Quote of the day: Mark Millar on digital comics;

The Not .99 Method

On the heels of my recent diatribe on digital comics, here are two interesting perspectives on the issue. Mark Millar, creator of Kick-Ass and Wanted, breaks down the numbers on digital comics, showing how creators like himself really aren’t making a whole lot off digital sales yet:

1/ Apple take 30% right off the bat.
2/ In the case of Wanted, Comixology then splits 50/50 with the publisher.
3/ Then the publisher pays the agent and creative team out of the remaining cash depending on their deal.

Millar’s description of this profit model provides justification for the naysayers who believe that digital comics simply aren’t profitable enough for creators and downright industry killers for retailers. On the other hand, at the second link, Warren Ellis shares a business model for digital comics that completely cuts out third party distribution and costs and enables comics creators to sell their work directly to consumers. Inherent in this approach, however, is a requirement by comics creators to completely rethink their publishings models and instead use free online tools like Google DocsPayPal and others to set up their own direct-to-consumer publishing – all digital, all creator-owned. Ellis is right: 2011 may very well see tons of comics creators making money hand over fist jumping over publishers and retailers to sell directly to consumers.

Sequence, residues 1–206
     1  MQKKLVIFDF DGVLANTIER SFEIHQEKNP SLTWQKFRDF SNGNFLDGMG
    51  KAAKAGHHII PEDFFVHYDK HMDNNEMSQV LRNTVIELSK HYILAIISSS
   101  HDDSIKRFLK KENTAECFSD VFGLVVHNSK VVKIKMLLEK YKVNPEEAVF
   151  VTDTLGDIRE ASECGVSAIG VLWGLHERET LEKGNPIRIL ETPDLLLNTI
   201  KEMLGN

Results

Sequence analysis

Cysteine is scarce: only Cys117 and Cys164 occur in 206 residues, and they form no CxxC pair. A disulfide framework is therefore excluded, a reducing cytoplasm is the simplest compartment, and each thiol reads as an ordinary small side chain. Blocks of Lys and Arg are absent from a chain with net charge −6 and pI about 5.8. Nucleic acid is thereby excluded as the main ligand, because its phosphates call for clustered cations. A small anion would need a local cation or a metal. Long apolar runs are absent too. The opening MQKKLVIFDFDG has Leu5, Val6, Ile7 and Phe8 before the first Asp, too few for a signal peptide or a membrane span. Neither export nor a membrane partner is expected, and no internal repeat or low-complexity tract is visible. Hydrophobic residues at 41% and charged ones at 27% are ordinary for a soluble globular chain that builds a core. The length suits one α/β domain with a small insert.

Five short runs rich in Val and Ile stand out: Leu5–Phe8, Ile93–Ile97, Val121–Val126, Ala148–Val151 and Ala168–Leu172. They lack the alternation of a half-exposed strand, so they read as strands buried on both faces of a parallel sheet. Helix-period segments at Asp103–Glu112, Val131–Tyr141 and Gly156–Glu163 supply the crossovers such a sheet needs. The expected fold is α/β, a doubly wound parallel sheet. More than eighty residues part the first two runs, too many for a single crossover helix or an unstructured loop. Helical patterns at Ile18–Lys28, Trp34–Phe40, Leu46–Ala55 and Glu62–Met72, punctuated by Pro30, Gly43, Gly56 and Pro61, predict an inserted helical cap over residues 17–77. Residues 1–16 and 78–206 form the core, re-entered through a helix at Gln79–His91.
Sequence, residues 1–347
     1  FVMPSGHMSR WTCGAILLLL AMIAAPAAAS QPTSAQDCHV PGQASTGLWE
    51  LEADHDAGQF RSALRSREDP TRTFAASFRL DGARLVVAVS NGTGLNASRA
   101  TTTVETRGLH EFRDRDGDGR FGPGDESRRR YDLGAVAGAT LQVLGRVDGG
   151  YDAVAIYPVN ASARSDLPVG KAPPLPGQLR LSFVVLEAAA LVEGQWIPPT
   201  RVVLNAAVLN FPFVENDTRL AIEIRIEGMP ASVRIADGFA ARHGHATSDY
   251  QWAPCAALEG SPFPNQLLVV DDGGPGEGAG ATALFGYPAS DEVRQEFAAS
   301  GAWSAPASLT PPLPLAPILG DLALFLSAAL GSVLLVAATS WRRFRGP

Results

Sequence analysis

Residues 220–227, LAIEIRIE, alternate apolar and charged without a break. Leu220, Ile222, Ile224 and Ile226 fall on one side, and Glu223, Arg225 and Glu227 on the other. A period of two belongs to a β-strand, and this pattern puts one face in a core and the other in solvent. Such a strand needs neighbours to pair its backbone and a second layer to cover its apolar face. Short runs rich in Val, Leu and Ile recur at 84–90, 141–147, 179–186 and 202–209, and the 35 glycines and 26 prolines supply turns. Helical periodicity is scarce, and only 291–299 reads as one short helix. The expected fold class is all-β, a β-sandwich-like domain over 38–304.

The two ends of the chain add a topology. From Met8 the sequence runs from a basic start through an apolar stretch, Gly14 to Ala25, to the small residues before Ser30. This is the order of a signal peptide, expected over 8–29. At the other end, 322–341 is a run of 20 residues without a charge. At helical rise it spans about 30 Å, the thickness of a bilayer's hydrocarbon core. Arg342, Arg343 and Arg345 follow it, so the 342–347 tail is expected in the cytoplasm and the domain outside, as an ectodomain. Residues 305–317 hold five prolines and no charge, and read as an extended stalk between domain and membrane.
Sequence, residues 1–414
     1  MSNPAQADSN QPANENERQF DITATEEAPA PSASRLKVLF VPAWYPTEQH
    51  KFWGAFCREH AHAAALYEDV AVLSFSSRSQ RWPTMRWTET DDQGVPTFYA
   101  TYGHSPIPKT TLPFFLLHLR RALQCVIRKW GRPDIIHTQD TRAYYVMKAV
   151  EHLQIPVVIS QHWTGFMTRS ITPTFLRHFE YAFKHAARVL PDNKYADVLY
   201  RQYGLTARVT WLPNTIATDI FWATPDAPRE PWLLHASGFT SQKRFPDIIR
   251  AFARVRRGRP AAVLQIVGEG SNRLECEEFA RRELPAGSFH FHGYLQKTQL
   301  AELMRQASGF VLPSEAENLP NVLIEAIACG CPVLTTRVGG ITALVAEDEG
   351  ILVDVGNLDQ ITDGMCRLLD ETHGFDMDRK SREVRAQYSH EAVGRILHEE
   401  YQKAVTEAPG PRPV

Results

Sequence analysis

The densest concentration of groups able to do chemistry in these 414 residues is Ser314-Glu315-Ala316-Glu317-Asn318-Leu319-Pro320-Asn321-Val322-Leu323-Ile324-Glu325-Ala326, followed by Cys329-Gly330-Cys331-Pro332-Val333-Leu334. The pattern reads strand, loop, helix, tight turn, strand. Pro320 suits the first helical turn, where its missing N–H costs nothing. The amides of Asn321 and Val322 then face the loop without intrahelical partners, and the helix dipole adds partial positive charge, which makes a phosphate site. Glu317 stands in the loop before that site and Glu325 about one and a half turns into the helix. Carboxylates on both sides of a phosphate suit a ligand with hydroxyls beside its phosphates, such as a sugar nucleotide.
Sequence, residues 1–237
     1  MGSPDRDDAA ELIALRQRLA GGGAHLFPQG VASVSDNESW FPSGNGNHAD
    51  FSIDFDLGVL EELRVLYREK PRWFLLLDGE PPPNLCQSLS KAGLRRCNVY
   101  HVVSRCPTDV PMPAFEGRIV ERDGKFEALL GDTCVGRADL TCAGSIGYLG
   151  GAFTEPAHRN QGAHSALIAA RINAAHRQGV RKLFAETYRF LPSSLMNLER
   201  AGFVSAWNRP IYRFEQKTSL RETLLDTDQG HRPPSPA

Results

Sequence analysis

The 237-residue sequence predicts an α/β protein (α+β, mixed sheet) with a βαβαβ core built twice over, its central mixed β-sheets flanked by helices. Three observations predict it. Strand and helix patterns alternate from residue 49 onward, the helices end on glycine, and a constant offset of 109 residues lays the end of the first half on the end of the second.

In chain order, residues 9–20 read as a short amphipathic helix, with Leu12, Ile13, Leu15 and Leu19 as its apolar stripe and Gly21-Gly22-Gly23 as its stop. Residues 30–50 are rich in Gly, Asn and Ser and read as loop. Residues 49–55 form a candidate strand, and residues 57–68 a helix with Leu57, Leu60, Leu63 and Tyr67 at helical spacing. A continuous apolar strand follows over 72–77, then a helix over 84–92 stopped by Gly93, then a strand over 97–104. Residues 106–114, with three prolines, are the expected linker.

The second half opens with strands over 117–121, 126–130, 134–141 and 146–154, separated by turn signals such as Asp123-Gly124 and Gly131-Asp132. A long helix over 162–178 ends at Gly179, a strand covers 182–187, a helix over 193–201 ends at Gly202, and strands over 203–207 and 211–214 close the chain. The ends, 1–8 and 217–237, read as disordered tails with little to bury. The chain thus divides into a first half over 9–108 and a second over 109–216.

Scientists Discover Time Teleportation


Before, we knew that quantum teleportation works in space. Two identical particles at different locations are linked in such a way that, when you change the state of one, the other one instantly changes in exactly the same way, no matter how many miles or light-years are between them. This is a phenomenon that defies our understanding of reality, and it just got even more complex with this discovery.

University of Queensland’s scientists Jay Olson and Timothy Ralph claim that the quantum entanglement is a fundamental part of the universe, and it works both in space and time, so changing the state of particle today instantly changes the same particle in the future, even while the particle will not exist between those two points.

The presupposition here (I think) is that there has to be something/someone on the other end of the time pipeline conducting the same teleportation experiment. So we can travel forward in time but not back? Pity.

Shackleton’s 100-year-old whiskey unearthed in Anarctica, soon to be drunk

I’m little more than an amateur scotch and whiskey connoisseur, but I can tell you this with some authority: the older it is, the smoother it goes down. Cool story about how they found this whiskey preserved in an old wrecked ship.

The Batman Nightclub ‘Wayne Manor’ Revealed in 1966 ‘Life’ Magazine Article